I get “nature puzzlers” often from my kids, and from our friends that know I’d be interested in their sidewalk and roadside discoveries from any of the major kingdoms of creatures.
A friend from NY state sent me this photograph recently. hoping I’d have the answer. I didn’t.
I was stumped.
I posted the image to the SEEK app. iNaturalist supports the nature ID tool, so it is generally a reliable source of identification.
It identified this as a colubrid snake. That didn’t seem quite right.
Several hundred insect larvae of an unknown species appear to be marching en mass, maybe crawling over their neighbors to get a little closer to the head of the line.
But they are going nowhere. Surely this aberration offered an opportunity for nature to act, and remove this mass of defective-behavior genes from the gene pool, since these individuals would eventually expire of exhaustion and dehydration.
But wait. Could it be an omen? Does this evolutionary dead end portend cataclysmic events to come? Will other creatures begin to show this evolutionarily-doomed behavior: Following the guy ahead, no matter where he goes—are they Democrats or Republicans? I hadn’t a clue.
IN SEARCHING FOR: “Insect Larvae moving together”
Now we’re getting somewhere!
This is interesting, but not the answer I am after.
The slimy larvae in my friend’s photo are obviously NOT caterpillars (that would grow up to become butterflies or moths.) And pine caterpillars typically follow the leader in a single line, not a rolling swarm. But we’ll get back to that momentarily.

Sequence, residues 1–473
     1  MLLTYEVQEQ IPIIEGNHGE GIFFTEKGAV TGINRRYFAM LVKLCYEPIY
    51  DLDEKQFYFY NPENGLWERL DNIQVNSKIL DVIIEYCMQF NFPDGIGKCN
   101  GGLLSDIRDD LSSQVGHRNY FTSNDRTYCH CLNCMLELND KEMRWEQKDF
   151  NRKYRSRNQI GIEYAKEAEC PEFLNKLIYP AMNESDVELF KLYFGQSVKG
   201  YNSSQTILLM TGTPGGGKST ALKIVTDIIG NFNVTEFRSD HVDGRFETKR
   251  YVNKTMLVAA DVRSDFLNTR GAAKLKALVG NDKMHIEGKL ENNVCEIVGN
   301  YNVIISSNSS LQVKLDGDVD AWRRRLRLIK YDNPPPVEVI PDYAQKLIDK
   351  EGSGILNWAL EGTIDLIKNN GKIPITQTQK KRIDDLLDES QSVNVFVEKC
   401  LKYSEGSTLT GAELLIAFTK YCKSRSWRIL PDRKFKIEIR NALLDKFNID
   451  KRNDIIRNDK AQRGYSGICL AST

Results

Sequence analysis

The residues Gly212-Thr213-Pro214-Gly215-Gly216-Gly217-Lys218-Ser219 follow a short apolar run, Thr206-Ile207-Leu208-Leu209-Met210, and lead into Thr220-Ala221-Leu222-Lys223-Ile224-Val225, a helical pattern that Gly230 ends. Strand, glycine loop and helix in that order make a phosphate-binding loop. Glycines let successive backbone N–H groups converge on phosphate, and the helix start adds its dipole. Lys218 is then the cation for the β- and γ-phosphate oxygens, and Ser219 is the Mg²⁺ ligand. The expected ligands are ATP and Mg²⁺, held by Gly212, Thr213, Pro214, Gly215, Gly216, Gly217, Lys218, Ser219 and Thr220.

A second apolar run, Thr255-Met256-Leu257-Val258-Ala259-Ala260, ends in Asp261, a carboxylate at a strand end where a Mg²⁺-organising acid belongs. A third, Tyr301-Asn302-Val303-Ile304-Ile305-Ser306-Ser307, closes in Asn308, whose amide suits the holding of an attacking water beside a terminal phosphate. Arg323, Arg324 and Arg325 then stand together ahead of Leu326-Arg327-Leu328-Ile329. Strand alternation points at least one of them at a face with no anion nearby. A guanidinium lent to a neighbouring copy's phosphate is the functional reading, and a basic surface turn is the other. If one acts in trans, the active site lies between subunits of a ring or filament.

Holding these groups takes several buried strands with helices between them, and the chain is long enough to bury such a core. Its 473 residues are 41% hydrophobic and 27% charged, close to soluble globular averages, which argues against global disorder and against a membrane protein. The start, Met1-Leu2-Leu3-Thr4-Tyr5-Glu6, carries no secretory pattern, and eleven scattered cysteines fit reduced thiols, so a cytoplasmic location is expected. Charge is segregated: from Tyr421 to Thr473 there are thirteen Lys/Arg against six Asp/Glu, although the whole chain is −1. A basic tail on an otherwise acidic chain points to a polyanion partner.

The “follow the leader” behavior of moving immature insects has been known for millennia.
The French entomologist Jean-Henri Fabre conducted a famous study on the pine processionary caterpillar where a group of them followed head-to-tail in a circle around the rim of a flower pot; they continued marching in the circle for a week. He described the experiment in his 1916 book The Life of the Caterpillar. The study has been cited innumerable times by inspirational and religious speakers who view it as a metaphor for blindly following a leader or for confusing activity with accomplishment.
But this circular swarm in the image up top was not a mass of Lepidopterans. And they were NOT proceeding anywhere. The circular death march is a behavioral screw-up, certainly.
But in everyday life, in which the properly-lead swarm presumably travels in a line, they must be going somewhere, with an intention of some sort. But why this method of movement?
The Genius of the Rolling Swarm
Think Rolling Walkway. You know. The one at your friendly local airport, by which you get to terminal Z23 faster (if, unfortunately, not on time for the departure) while you are walking at your speed as the walkway under your feet is also moving.
In the video, pay special attention to the synchronized periodic FREEZES when all marching insects briefly stop. For what? What is that about?
And how does the swarm maintain cohesiveness so it maintains the proper levels for this “go to the front of the line” method to work for the good of the swarm?
You really must watch. Start at 1:25 to go straight to the rolling swarm. But see it all to understand why this is pretty darned remarkable.
The Last Word
- The circular object in my friend’s photo is not a snake.
- The creatures in the circuitous procession are not worms, and they are not caterpillars that are going to become moths or butterflies.
- They are the larvae of the FUNGUS GNAT and apparently they can become quite the pest.
WAIT! I am having the AHA! just now that THIS is the gnat that used to swarm in such dense clouds in the fall that a thick layer of them stuck to the wet metal roof on Goose Creek overnight, and then half filled the gutters when the rain washed them off. Not a good memory, folks.
My work is done here. Please send me the next STUMP THE CHUMP challenge. Bring it on!